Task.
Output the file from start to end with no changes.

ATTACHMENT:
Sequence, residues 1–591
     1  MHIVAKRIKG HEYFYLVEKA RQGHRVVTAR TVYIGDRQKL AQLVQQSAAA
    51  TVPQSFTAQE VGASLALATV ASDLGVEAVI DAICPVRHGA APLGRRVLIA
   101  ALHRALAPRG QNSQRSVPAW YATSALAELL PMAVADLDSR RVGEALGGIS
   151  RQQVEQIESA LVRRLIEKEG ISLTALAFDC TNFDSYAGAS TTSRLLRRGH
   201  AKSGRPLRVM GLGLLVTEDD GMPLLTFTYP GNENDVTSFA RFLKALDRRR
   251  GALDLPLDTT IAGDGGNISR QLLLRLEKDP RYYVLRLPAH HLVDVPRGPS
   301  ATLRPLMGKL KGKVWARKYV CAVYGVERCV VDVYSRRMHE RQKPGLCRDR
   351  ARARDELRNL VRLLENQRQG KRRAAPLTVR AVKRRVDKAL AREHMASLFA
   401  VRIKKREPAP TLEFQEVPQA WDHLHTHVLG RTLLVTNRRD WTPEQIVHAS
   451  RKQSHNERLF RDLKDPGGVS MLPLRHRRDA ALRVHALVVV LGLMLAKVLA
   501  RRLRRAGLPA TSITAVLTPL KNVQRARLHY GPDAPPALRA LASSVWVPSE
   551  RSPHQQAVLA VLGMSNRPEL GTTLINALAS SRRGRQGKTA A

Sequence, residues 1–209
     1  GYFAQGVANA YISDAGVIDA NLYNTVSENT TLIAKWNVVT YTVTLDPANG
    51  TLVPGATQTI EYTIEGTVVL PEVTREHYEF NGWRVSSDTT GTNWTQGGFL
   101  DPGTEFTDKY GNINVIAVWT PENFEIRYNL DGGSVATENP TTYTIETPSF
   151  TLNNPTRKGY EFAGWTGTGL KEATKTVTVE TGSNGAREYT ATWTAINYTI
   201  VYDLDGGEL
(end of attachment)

Sequence, residues 1–591
     1  MHIVAKRIKG HEYFYLVEKA RQGHRVVTAR TVYIGDRQKL AQLVQQSAAA
    51  TVPQSFTAQE VGASLALATV ASDLGVEAVI DAICPVRHGA APLGRRVLIA
   101  ALHRALAPRG QNSQRSVPAW YATSALAELL PMAVADLDSR RVGEALGGIS
   151  RQQVEQIESA LVRRLIEKEG ISLTALAFDC TNFDSYAGAS TTSRLLRRGH
   201  AKSGRPLRVM GLGLLVTEDD GMPLLTFTYP GNENDVTSFA RFLKALDRRR
   251  GALDLPLDTT IAGDGGNISR QLLLRLEKDP RYYVLRLPAH HLVDVPRGPS
   301  ATLRPLMGKL KGKVWARKYV CAVYGVERCV VDVYSRRMHE RQKPGLCRDR
   351  ARARDELRNL VRLLENQRQG KRRAAPLTVR AVKRRVDKAL AREHMASLFA
   401  VRIKKREPAP TLEFQEVPQA WDHLHTHVLG RTLLVTNRRD WTPEQIVHAS
   451  RKQSHNERLF RDLKDPGGVS MLPLRHRRDA ALRVHALVVV LGLMLAKVLA
   501  RRLRRAGLPA TSITAVLTPL KNVQRARLHY GPDAPPALRA LASSVWVPSE
   551  RSPHQQAVLA VLGMSNRPEL GTTLINALAS SRRGRQGKTA A

Sequence, residues 1–209
     1  GYFAQGVANA YISDAGVIDA NLYNTVSENT TLIAKWNVVT YTVTLDPANG
    51  TLVPGATQTI EYTIEGTVVL PEVTREHYEF NGWRVSSDTT GTNWTQGGFL
   101  DPGTEFTDKY GNINVIAVWT PENFEIRYNL DGGSVATENP TTYTIETPSF
   151  TLNNPTRKGY EFAGWTGTGL KEATKTVTVE TGSNGAREYT ATWTAINYTI
   201  VYDLDGGEL